” Thou shalt also be a crown of glory in the hand of the Lord, and a royal diadem in the hand of thy God.”—Isaiah 62:3
It is very easy to conceive how the Lord of Hosts in the day of salvation becomes for a crown of glory and for a diadem of beauty unto his people, as a prophet hath said, Isa. xxviii. 5. But that the church, and every individual redeemed of the church, shall be the Lord’s crown and diadem. Oh, the wonders of grace! Pause, my soul, over the sweet scripture, and take to thyself the blessedness of it. What a variety of images and similitudes thy God hath made use of to manifest how highly he prizeth his redeemed. “Yea, he loveth the people,” said one of old; “all his saints are in thy hand.” He calleth them jewels, precious stones, his treasure, his chosen, his inheritance, his portion, his crown, his diadem. And what a thought is it for thee, my soul, to meditate upon, that though in thyself thou art nothing, yet considered in Jesus, thou art all this, and more; polished, made comely and glorious, from the comeliness put upon thee and the glory of Jesus. See then, my soul, the vast mercy in Jesus. A worthless worm made dear to God! How infinitely precious and dear should God in Christ be to thee. Let this encourage thee, then, at all times to come to him. Thou art giving glory to thy God, when thou comest to him, to give out of his fulness to thee. Jesus wanteth needy creatures to be glorified upon, by giving out of his abundance to their necessities; and the more he gives, the more is he glorified. Mark that also, for thy greater encouragement to come to him. The more thou art blessed in his fulness, the more blessed he is in imparting it; so that while thou art his crown of glory, he is glorified in thy redemption. And while thou crownest Jesus’s head, in ascribing all the glory of thy salvation unto him, he condescends to make thee a crown of glory in his hand, as a token that thou art his, both by purchase of his blood, the gift of his Father, and the conquest of his grace. Hallelujah.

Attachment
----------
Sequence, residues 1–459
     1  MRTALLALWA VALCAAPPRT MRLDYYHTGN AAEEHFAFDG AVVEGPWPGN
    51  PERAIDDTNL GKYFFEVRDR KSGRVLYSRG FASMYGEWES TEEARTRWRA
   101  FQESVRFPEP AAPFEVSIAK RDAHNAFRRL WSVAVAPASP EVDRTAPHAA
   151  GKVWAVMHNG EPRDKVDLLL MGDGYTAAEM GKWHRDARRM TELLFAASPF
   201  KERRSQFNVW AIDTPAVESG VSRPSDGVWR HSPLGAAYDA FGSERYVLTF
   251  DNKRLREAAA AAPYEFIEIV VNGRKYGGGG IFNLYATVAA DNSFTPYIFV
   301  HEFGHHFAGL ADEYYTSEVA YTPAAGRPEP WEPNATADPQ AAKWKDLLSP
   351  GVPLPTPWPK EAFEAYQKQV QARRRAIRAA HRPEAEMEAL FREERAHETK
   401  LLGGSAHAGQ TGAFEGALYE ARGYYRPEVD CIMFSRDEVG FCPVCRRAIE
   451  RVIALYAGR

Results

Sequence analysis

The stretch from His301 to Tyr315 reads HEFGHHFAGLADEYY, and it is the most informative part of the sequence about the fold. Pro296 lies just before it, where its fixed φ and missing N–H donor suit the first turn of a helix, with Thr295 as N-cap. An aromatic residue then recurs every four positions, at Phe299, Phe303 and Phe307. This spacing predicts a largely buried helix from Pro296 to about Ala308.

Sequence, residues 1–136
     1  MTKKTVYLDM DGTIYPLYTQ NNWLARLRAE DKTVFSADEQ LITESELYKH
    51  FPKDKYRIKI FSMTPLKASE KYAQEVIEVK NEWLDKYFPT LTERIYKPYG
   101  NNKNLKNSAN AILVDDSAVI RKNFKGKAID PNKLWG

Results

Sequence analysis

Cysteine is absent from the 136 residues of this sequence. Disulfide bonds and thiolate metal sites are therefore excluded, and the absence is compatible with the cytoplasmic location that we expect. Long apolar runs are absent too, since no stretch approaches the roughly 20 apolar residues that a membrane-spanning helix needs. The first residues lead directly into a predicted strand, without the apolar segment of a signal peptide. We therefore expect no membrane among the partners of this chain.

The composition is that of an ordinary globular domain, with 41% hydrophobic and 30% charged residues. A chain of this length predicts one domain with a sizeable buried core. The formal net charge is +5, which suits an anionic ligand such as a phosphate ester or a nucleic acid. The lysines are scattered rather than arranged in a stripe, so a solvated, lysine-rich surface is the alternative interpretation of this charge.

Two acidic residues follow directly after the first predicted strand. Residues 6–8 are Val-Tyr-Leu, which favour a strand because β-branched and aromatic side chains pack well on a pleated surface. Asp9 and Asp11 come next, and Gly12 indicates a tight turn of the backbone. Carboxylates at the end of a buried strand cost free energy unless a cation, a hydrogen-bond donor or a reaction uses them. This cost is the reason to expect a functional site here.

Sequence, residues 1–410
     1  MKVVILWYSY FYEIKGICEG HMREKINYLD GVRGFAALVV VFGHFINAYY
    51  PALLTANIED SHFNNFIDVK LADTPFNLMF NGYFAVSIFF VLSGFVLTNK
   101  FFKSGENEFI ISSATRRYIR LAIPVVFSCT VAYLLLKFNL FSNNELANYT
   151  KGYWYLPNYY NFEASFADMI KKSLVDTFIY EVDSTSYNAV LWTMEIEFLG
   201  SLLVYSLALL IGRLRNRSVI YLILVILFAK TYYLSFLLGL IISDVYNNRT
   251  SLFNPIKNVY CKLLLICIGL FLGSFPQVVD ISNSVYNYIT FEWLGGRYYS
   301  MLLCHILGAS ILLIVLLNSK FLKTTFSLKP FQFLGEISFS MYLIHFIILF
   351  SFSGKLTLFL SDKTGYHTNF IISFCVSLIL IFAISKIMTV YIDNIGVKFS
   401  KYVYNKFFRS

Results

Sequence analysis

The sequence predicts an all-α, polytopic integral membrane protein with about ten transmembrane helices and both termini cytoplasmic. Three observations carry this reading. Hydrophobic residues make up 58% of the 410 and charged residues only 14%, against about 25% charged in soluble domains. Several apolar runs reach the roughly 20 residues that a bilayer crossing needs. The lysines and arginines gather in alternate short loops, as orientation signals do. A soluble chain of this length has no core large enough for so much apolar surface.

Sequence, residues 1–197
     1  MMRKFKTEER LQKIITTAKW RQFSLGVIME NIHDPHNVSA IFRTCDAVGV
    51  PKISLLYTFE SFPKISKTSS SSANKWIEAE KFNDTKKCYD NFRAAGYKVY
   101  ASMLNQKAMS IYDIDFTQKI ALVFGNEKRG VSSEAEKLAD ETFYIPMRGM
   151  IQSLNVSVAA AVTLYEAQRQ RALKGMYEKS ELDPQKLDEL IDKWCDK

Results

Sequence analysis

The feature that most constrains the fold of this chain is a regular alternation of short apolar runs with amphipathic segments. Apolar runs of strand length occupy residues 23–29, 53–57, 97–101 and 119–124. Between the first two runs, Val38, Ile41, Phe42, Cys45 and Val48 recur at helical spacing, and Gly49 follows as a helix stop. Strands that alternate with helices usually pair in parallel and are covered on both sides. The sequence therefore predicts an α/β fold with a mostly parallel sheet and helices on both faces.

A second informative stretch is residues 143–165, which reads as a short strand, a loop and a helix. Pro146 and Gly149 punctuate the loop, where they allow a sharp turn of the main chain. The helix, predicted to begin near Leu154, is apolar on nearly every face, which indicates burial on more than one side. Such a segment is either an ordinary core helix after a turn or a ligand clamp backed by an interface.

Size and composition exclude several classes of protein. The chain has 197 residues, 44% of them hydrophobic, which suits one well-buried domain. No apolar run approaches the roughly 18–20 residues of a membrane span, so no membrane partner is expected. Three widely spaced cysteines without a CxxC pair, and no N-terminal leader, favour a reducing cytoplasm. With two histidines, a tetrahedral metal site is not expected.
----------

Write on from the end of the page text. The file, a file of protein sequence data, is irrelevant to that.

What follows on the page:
Robert Hawker (1753-1827) was an Anglican (High-Calvinist) preacher who served as Vicar of Charles Church, Plymouth. John Hazelton wrote of him:
“The prominent features…in Robert Hawker's testimony…was the Person of Christ….Dr. Hawker delighted to speak of his Lord as "My most glorious Christ.” What anxious heart but finds at times in the perusal of the doctor's writings a measure of relief, a softening, and a mellowing? an almost imperceptible yet secret and constraining power in leading out of self and off from the misery and bondage of the flesh into a contemplation of the Person and preciousness of Christ as "the chiefest among ten thousand and the altogether lovely." Christ and Him crucified was emphatically the burden of his song and the keynote of his ministry. He preached his last sermon in Charles Church on March 18th, 1827, and on April 6th he died, after being six years curate and forty-three years vicar of the parish. On the last day of his life he repeated a part of Ephesians 1, from the 6th to the 12th verses, and as he proceeded he enlarged on the verses, but dwelt more fully on these words: "To the praise of His glory Who first trusted in Christ." He paused and asked, "Who first trusted in Christ?" And then made this answer: "It was God the Father Who first trusted in Christ."